Decision tree-based onboarding: Users can ask financial questions and be guided through a decision tree of prepared questions and answers generated by ChatGPT. The decision tree is designed to help users understand their financial situation and make informed decisions. This would also guide users to the appropriate chat rooms or professionals as needed.
Natural Language Processing (NLP): ChatGPT’s NLP would most likely drive the core conversational features of the Finn Chat platform, as this is what allows users to have a more conversational experience. ChatGPT would be used to understand the user's intent and provide relevant financial advice.
Pre-trained models: Finn Chat would also have pre-trained models on financial data to provide more accurate and relevant advice to users. We would have to procure data models across relevant topics, but as mentioned earlier, segmentation would facilitate rapid training and marketability.
Fine-tuning: The platform allows users to fine-tune the model on a smaller dataset of financial data to improve its performance on financial advice. This feature can be geared towards larger, highly specific accounts. It’s always nice to have an on-call human representative, but on-demand access to an AI tool designed to specifically assist a single client could prove to be highly useful.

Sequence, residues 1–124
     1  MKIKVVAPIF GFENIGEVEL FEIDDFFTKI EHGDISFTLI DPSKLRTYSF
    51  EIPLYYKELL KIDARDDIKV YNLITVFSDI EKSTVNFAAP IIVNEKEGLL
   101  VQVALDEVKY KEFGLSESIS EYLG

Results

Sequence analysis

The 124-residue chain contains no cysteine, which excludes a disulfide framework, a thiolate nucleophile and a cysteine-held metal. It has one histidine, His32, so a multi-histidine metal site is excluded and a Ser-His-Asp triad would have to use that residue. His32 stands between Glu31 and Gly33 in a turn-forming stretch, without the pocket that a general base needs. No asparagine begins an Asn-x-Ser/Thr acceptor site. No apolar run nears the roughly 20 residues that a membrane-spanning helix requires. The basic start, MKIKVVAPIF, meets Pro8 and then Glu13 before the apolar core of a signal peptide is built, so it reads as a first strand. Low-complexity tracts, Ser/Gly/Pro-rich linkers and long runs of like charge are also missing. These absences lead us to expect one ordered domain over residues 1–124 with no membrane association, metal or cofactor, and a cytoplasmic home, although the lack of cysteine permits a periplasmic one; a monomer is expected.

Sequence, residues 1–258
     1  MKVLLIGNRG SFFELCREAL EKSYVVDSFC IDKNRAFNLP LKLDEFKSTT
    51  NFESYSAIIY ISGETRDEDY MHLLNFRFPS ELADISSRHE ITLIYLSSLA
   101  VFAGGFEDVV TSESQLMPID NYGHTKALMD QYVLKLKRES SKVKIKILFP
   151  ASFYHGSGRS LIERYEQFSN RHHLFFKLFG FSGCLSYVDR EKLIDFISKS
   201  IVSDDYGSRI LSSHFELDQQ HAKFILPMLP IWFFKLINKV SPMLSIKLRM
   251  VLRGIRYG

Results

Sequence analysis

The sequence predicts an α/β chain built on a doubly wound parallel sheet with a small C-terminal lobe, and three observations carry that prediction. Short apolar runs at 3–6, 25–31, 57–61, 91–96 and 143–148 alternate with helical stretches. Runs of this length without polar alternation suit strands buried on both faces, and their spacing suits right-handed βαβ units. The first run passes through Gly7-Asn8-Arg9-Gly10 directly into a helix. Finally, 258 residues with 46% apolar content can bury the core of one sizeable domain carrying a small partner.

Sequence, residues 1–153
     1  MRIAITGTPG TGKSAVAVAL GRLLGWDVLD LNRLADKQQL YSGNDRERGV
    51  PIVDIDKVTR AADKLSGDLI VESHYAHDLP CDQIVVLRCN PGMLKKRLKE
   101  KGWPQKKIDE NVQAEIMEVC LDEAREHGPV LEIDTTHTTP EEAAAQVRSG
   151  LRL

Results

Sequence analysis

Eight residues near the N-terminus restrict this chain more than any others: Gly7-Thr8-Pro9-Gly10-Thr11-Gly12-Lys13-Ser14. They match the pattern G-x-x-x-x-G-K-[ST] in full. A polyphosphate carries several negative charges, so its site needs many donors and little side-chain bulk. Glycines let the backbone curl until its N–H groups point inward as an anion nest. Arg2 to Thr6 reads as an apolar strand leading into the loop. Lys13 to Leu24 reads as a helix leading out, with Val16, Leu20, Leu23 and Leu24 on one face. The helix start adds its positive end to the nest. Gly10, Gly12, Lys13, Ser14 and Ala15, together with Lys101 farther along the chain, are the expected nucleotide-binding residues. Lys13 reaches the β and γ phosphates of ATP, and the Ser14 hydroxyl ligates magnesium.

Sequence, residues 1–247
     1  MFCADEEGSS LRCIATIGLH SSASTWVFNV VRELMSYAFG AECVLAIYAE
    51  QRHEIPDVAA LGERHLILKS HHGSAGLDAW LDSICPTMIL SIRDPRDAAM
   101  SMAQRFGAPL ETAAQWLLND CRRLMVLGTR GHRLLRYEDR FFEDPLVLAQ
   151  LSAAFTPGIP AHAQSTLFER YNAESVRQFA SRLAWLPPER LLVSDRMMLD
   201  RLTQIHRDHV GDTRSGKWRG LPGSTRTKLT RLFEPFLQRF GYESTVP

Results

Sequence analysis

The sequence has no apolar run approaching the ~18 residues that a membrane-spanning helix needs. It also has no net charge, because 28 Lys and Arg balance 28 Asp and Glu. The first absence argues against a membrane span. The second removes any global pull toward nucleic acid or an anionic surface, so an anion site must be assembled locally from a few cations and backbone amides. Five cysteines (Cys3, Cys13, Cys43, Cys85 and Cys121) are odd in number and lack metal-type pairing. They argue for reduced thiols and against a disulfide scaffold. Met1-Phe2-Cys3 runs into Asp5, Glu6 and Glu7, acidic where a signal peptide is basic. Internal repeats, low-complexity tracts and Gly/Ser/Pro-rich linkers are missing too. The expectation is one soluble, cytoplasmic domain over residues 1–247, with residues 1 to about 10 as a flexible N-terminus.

Integration with other tools: Finn Chat would be designed to be seamlessly integrated into other financial tools across a variety of existing systems and tech stacks. Financial institutions and banks may adopt Finn Chat to supplement customer-facing features such as calculators, budgeting apps, and other financial management platforms to provide more comprehensive financial advice.
Multi-user support: Users can invite other people, such as their spouses or business partners, to the chat and view previous conversations. Users can also have separate channels for different topics such as home loans, saving, investing, and credit.
Bank integration: Users can link their bank account to the platform and view their balance and transaction history to aid in decision making.
Live support: If users still have questions, they can be connected to a financial specialist who can view previous conversations to better assist them.
Security: The platform would have a secure messaging experience for families to better understand their financial scenarios and engage with financial professionals from their bank.